Sunday, November 15, 2009

Smashing Stereotypes

(In the UK that would be an adjective and in the US it’s a verb.) Let’s take a look at a few well known stereotypes and see what we make of them.


Well, they all wear white trainers/sneakers over here so that’s one stereotype I can’t smash but there are a few that just don’t stand up to close inspection.

Stereotype #1: Americans are seen as these crazy, out there, far out people, always into this new fad and that kooky religion. Here in the mid-west at least, Americans are, I would venture to say, more conservative than even us Brits. (Now please note, before anyone has a complete conniption, I’m not saying “reserved” or “uptight”). Anyway, here’s why:

- They back off from really political discussions, even when it’s election time. Obviously town hall meetings and political rallies bring out the passions, but around a dinner table or at a party, you just don’t hear people really getting into it about politics. It’s as if it’s decided that you’ll just agree to disagree and say no more about it in case someone’s feelings get hurt.

- Ditto their personal lives. If you ask someone how they’re doing, you’ll get a very positive answer. This is in part because Americans generally aren’t as misery-prone as us Brits, but it’s also because they’re not going to stop and tell you that their cat just died or they’re sick of their kids. Obviously some will confide in a good friend or close next door neighbor, but not the world and his wife.

Stereotype #2: Americans think this is the greatest place in the world and no other country comes even a close second.

- Yes, most Americans do think this is the greatest country in the world, but most I’ve met are also very curious about other countries, would love to go to a few and some have even traveled a lot.

- And yes, there are the ignorant few who really do think that nothing outside the US could possibly be worth knowing about but aren’t they everywhere? They’re certainly not representative of anyone I’ve ever met in my 20 years here.

Stereotype #3: Americans are party animals

- Most Americans I know go out far less than my British friends and they don’t stay out late. Here in the mid west, if you go out at all during the week, things start winding down about 10pm. I have even been in restaurants where they’ve started closing up shop at that time, ignoring our requests for another bottle of wine and generally indicating that they really would like us to leave. Even events at the weekend (charity fund-raising balls for example) will finish at 11, and midnight at the very latest.

- They don’t even drink that much (or at least not when anyone’s looking.)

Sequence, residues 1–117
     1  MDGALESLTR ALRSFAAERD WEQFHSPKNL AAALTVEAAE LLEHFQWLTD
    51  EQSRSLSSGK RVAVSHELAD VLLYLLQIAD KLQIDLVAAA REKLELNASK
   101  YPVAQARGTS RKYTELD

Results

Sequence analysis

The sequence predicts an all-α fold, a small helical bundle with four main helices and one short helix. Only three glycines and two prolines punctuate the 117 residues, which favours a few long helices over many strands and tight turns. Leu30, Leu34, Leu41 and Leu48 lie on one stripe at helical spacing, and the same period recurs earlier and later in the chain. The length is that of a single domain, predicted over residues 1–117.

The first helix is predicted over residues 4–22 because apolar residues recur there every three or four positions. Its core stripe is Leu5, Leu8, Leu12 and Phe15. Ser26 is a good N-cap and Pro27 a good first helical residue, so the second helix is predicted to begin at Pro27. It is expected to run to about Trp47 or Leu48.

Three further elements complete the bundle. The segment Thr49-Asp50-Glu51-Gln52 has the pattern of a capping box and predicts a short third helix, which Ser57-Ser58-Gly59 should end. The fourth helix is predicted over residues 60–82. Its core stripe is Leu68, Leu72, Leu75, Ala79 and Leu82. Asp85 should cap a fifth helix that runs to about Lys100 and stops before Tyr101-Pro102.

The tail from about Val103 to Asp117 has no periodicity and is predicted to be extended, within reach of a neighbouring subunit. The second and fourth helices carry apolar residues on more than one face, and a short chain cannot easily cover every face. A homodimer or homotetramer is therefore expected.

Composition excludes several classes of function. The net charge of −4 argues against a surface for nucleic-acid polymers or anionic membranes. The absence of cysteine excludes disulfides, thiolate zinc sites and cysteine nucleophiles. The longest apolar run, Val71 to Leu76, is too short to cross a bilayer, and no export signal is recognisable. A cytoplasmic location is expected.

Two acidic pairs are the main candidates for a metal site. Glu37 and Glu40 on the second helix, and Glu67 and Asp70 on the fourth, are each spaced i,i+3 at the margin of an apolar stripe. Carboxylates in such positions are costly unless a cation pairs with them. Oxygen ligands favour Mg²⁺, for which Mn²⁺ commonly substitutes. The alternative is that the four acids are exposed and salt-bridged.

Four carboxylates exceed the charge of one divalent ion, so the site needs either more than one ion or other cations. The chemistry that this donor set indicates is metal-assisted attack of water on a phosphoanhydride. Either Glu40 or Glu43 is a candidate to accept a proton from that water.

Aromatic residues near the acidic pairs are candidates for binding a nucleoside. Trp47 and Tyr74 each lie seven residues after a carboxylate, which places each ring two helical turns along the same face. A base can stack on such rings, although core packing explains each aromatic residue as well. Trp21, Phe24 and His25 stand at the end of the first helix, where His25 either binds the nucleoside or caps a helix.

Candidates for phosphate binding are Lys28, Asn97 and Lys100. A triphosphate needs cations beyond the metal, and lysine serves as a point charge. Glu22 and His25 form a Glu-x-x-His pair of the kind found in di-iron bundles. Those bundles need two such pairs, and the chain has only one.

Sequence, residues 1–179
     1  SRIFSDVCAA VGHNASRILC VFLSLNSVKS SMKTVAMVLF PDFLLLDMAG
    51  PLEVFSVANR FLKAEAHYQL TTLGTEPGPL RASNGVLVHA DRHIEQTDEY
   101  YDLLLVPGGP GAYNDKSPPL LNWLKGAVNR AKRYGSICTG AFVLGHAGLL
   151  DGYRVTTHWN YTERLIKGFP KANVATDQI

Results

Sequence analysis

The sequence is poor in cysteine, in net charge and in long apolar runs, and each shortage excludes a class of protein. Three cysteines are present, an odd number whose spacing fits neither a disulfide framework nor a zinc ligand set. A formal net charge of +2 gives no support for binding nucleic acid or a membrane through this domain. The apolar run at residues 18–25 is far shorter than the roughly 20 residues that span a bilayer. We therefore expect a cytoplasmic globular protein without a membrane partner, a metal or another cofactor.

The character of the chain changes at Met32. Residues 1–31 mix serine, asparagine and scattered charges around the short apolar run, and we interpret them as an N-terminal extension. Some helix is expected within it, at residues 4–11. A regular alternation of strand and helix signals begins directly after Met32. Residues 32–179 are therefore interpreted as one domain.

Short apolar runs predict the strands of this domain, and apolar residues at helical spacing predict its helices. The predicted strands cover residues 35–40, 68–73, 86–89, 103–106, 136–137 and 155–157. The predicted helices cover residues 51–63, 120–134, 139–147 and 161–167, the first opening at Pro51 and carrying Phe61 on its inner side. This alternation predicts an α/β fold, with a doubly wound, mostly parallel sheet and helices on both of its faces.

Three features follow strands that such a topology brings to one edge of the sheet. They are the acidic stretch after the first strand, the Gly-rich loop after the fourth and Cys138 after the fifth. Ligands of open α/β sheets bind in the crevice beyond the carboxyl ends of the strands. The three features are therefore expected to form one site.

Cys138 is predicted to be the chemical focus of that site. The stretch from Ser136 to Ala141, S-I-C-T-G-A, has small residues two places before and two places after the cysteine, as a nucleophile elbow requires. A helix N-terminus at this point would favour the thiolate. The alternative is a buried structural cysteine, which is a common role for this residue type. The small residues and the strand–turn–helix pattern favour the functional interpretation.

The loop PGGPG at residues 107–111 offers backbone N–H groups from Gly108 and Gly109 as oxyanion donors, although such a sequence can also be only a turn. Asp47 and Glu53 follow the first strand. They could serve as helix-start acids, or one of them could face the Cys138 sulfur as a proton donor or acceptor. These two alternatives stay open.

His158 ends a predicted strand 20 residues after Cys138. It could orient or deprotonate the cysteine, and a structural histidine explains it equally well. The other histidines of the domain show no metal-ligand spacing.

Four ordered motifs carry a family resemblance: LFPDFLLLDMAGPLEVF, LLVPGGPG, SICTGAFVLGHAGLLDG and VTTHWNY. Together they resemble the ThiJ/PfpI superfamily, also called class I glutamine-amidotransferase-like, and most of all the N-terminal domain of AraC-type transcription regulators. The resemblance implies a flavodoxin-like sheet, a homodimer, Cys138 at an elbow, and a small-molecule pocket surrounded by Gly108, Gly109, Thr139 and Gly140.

- There are large parts of the country that are “dry”, that is, where you can’t buy alcohol at all. In many states you can’t buy booze at supermarkets, and some states such as Utah say that if you have a drink before your meal in a restaurant, you have to finish it before they can begin serving your meal. (Or something like that.) Quite a lot of party-pooping anyway!


Most Americans think the British are a nation of fish-and-chip eating, binge-drinking football-hooligans with bad teeth who talk like Dick Van Dyke in Mary Poppins. And they’re all homosexuals. Except for Hugh Grant, and we’re not really sure about him.

I’m happy to report that, after seven years of research, I can dispel all of these (strike that) most of the (no, not that, either) some of those myths (yeah, that's it).

- Bad Teeth: Sorry to let the team down, but Brits, when compared to Americans, are a step or two down on the dental-health ladder. This, however, is a subjective comparison; not everyone wants a picture-perfect, dazzling white, Tom Cruise smile. Well, not everyone over here, anyway.

- Fish-and-Chip Eaters: This, too, is a sort of true stereotype. Fish and Chips are still wildly popular with certain segments of the population (of which I am an enthusiastic member). However, thanks to globalization, I often see a longer lines coming out of KFC and McDonald’s on Friday night. I don’t mind; it makes it easier for me to get my fish-and-chips (with mushy peas).

- Binge Drinkers: Sad to say, there are some Brits who look upon drinking as a competitive sport, but for the most part they are sane and responsible drinkers. The sane and responsible ones don’t make very good footage on the “Cops Without Guns” programs, however, so we hardly ever see them.

- Football Hooligans: This behavior has been a problem in the past but the football clubs have worked hard to eradicate it. The hooliganism is (mostly) gone now, but the stereotype remains.

- They have all met the Queen and/or Paul McCartney: No, they have not.

- They all talk like Dick Van Dyke in Mary Poppins: The only Brits I hear talking like that are ones who are imitating Americans trying to talk like Brits.

- They are all Homosexuals: Well, of course they are. Except maybe Hugh Grant

Are there any stereotypes you would like to dispel?

Got something you want us to address? E-mail your suggestion to us or just pop it into the comment box.


  1. That was really interesting.
    I think we tend to think of Americans as extremely confident and louder than we are. Some people are afraid of the Police in the USA and at airports.